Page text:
Frank Forte Bio
Frank Forte is an accomplished designer, storyboard artist and comic book artist. He has worked in animation for feature films, TV and gaming. Some of the shows Frank has worked on include: Bob’s Burgers, Despicable Me 2, Lego Star Wars: The Empire Strikes Out, The Super Hero Squad Show, Marvel Heroes 4D, Lego Hero Factory, Lego Bionicle: The Legend Reborn, Hi Hi Puffy Ami Yumi, Re-Animated Pilot (Out of Jimmy’s Head), The Mr. Men Show, Bionicle: The Legend Reborn (DVD-2009), Lego Clutch Powers 4D ride at Legoland and Lego Atlantis. He co-created The Cletus and Floyd Show with Gene McGuckin, a tribute to animation directors Tex Avery, Bob Clampett and Chuck Jones. Robert S. Rhine and Frank Forte created the pilot episode of Sickcom the Animated Series, which was sold to Spike and Mike’s Sick and Twisted Festival Of Animation in 2003.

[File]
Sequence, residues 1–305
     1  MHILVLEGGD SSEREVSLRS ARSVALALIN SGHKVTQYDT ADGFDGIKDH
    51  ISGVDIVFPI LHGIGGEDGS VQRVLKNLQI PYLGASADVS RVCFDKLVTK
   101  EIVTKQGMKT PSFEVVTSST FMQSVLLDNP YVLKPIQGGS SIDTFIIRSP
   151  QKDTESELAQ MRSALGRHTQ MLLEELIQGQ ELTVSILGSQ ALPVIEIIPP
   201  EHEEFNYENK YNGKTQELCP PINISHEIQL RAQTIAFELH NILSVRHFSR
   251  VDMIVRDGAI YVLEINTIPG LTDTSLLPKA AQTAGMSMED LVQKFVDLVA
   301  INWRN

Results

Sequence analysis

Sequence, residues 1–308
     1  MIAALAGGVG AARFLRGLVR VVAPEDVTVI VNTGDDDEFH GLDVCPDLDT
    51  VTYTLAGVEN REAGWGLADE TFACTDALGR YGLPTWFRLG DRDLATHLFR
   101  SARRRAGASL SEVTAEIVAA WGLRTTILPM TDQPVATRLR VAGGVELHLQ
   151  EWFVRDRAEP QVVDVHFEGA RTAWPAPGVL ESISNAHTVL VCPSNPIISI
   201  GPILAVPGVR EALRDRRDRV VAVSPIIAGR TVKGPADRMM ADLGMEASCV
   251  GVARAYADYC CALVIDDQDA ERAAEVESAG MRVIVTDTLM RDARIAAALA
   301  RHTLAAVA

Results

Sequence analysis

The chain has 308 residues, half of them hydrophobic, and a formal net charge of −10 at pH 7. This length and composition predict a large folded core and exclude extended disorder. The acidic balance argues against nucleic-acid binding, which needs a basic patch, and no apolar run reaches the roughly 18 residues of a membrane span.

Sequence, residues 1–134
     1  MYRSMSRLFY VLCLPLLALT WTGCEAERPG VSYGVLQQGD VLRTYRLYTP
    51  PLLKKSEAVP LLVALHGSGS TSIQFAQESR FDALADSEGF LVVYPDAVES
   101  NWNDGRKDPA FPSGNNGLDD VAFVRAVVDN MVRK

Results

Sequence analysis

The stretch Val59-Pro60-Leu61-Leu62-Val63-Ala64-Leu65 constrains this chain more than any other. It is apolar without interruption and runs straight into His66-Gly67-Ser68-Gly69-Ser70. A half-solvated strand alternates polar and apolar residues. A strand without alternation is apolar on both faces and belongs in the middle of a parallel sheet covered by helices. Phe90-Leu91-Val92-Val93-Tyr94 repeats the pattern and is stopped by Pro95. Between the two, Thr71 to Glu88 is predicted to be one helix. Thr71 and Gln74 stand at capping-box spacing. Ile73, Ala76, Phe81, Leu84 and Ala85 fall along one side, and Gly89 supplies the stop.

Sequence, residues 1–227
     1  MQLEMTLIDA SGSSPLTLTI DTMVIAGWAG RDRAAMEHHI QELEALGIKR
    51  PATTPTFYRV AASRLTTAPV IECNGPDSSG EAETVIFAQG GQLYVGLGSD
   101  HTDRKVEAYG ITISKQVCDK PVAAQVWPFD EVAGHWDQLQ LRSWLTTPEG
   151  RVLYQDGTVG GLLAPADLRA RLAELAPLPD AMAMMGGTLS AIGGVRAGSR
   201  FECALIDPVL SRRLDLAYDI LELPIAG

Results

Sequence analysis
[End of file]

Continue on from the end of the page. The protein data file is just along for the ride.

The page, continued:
In Frank’s spare time he paints. Recent shows include Laluzapalooza 2015 and Laluzapalooza Jury Winners Group Show 2015 at La Luz De Jesus Gallery (Los Angeles, CA), Villains of Animation at Van Eaton Galleries (Sherman Oaks, CA). Past shows include the CATZ Group Show at LTD. Gallery in Seattle, WA and the 6×6 group Show at The Phone Booth Gallery in Long Beach, CA. His art has been exhibited at Cannibal Flower (Los Angeles) and the Animation Guild Gallery 839 (North Hollywood).
Frank is also the publisher at Asylum Press, a publishing company that produces premium comic books and graphic novels within the horror, science fiction, and action genres.